I have never heard of that, and I do not follow that procedure ever.  Specially on a raid controller.  When you have more than two drives.  Why would you not want to use a master/slave setting etc.  I think that the problem presented of the crushing bus a myth.
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by:pjknibbs
ID: 7082039
Wakeup: I think he exaggerated. If one of the drives on an IDE channel goes down the other drive is unlikely to get corrupted--however, it is entirely possible for the failed drive to fail in such a way that the other drive on the channel can't be read either. Removing the faulty drive fixes this, but of course it's impossible to tell which is the faulty one if neither is responding!
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by:Wakeup
ID: 7082254
true.  However, I just thought about it, if you set up a Raid 0, and one of the drives goes out on a Raid 0 setup then yes you will lose your data.  But it would not matter if you had it set up as master/slave or Master/master or slave/slave, if its setup as raid 0 (striping) when you lose a drive you lose it all.  Since Raid 0 is basically using both drives simultaneously writing data on both drives splitting the data up half on one drive and half on the other.
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by:PeeC
ID: 7082757
Wakeup mate,

firstly I never said it’s my opinion and secondly I never said that it applies to RAID. I don’t know if it is trough or not, however, pjknibbs’s interpretation seems to explain the outfall of one drive very plausible. I only gurgitated info that seems to be reasonable to me. If you read my post correctly, then you will find that I also run master and slave.

Your explanation that a master would be slowed down by any other devise other then a HD doesn’t find any fertile ground in my mind, for only another drive like a HD, who is very resource hungry could create a narrow bottleneck on the bus. If for instance both drives are busy due to swapping on the master and saving on the slave, then I could foresee some slowdown for both drives. If however the master is reading a CD-ROM or DVD running as a slave on the same bus, then the contest would be between a horse card and Ferrari.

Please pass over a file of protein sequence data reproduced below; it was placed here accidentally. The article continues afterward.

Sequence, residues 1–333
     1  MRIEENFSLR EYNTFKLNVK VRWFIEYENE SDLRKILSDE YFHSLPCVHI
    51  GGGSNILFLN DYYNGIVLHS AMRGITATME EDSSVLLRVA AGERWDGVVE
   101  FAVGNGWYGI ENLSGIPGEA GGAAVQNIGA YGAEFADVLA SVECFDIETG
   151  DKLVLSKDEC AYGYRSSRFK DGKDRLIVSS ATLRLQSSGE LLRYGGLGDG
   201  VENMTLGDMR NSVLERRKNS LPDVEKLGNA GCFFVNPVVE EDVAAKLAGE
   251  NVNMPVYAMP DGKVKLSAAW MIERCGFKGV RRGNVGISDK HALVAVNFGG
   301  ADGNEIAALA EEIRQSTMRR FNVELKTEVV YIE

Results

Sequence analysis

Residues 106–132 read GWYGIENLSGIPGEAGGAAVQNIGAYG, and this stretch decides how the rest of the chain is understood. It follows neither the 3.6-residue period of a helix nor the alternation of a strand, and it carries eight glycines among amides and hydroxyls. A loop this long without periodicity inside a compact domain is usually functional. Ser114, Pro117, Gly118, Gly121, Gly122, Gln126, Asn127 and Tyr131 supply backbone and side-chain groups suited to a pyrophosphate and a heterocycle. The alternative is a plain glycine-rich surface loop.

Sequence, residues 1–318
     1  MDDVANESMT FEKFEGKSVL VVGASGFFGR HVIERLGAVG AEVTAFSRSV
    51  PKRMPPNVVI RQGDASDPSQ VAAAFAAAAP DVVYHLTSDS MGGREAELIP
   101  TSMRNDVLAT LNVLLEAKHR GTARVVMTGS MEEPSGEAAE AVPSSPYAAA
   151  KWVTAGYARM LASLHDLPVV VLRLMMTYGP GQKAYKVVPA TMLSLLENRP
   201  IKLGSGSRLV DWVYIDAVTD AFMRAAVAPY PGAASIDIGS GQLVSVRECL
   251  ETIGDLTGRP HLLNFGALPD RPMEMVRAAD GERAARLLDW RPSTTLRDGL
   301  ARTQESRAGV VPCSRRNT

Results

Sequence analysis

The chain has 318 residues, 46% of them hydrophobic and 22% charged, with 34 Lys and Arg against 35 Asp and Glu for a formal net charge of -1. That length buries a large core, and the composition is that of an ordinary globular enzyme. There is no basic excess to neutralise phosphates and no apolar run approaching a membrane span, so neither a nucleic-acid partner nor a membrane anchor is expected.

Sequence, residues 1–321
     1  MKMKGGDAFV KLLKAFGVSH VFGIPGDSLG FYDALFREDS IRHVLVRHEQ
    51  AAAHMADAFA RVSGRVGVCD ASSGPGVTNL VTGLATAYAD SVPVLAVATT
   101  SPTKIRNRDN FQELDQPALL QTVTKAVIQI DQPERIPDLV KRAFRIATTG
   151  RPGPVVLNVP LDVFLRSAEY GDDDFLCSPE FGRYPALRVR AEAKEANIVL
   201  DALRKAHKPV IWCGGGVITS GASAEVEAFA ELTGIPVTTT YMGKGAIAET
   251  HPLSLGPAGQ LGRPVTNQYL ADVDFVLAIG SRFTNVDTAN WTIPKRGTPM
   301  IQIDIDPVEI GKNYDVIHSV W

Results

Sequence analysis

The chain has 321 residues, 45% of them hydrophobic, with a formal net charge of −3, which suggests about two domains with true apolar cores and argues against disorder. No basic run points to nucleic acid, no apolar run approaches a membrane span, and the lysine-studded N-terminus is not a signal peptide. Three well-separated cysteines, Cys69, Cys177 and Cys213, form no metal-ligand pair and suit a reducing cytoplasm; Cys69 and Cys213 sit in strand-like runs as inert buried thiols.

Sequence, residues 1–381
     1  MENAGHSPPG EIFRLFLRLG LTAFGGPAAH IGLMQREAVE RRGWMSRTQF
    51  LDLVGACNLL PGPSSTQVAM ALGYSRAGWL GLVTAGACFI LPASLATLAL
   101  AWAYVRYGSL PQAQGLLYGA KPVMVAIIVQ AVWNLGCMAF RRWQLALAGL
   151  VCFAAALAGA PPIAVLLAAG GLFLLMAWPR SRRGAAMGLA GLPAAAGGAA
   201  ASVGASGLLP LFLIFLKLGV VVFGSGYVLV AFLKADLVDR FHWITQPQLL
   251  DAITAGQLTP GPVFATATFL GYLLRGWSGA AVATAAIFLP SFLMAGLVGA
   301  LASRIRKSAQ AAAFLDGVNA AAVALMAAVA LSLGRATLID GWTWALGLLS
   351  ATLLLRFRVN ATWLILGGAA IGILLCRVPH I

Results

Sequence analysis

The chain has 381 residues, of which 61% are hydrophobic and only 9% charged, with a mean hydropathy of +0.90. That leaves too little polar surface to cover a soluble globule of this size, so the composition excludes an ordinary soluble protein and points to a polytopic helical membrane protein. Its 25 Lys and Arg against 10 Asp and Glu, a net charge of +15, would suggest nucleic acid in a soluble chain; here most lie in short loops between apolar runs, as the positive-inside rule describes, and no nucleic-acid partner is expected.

This is of cause just my theoretical interpretation and I may be absolutely wrong and therefore I am waiting to be corrected. In any case, the speed of a HD is not a problem anymore in my work as a graphics artist. It used to be the limitations of RAM that could be use on a Windows machine, which necessitated the swapping of large files to a drive. But now, XP and 2000 overcome this problem by using a large chunk of RAM as a buffer.

I would suggest Wakeup to read about how RAID can- and is implemented. It’s somewhat different then you suggest.

Another question! How do you use the point system? Do you need a PhD to grasp it?

LOL

Wolf
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by:pjknibbs
ID: 7082974
PeeC: Actually, WakeUp is dead on the ball when he says that a non-HD as secondary drive can slow down the hard drive. The main reason is that the IDE bus is forced to use the slowest communication standard of the two devices it's attached to, so if you have an ATA-133 hard drive on the same channel as a PIO4 CD-ROM, the hard drive will be forced back to using PIO4 transfers--this will inevitably have an effect on performance.
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by:PeeC
ID: 7083091
That proves the pudd’n that one should stop wasting time speculating about things one doesn’t understand. Thanks pjknibbs! Your explanation does make sense.

The reason that I belief that a fast ATA100 or 133 is not affected by something slower on its channel is the way the data is clocked, i.e. two bit/clock cycle in comparison to the old ATA-1,2 and 3 standard.  But since the introduction of ATA/ATAPI-6, i.e. Ultra DMA-5 and 6 (ATA-100 and 133) this should not be a problem any more, even so, the whole thing is still only 16 bit wide. I don’t know the exact ins and outs of this convention, but I think I read somewhere that the integrity of two devises on the same channel is kept.

Wouldn’t it be pointless to create a standard that enables faster hard drives, in the knowledge that most people only use one drive and hook up allsorts at the same channel? Any PC that’s coming out of a shop with only one hard drive and one CD-ROM has the whole shebang always running via the same slot.

I promise, it only looks as if I am desperate to be right. LOL

Wolf
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by:Wakeup
ID: 7083101
PeeC,

Sorry I wasnt suggesting that you were saying that as fact or opinion, you mentioned it earlier in your post that you read it somewhere...So I was just curious where you found that information out.  
-->Cut
What I learned in the meantime may perhaps help other people as well. Here is a synopsis about IDE I
found on the net.
-->end

Maybe you meant that for just the part A. of your comment.  But you listed a B and C as well.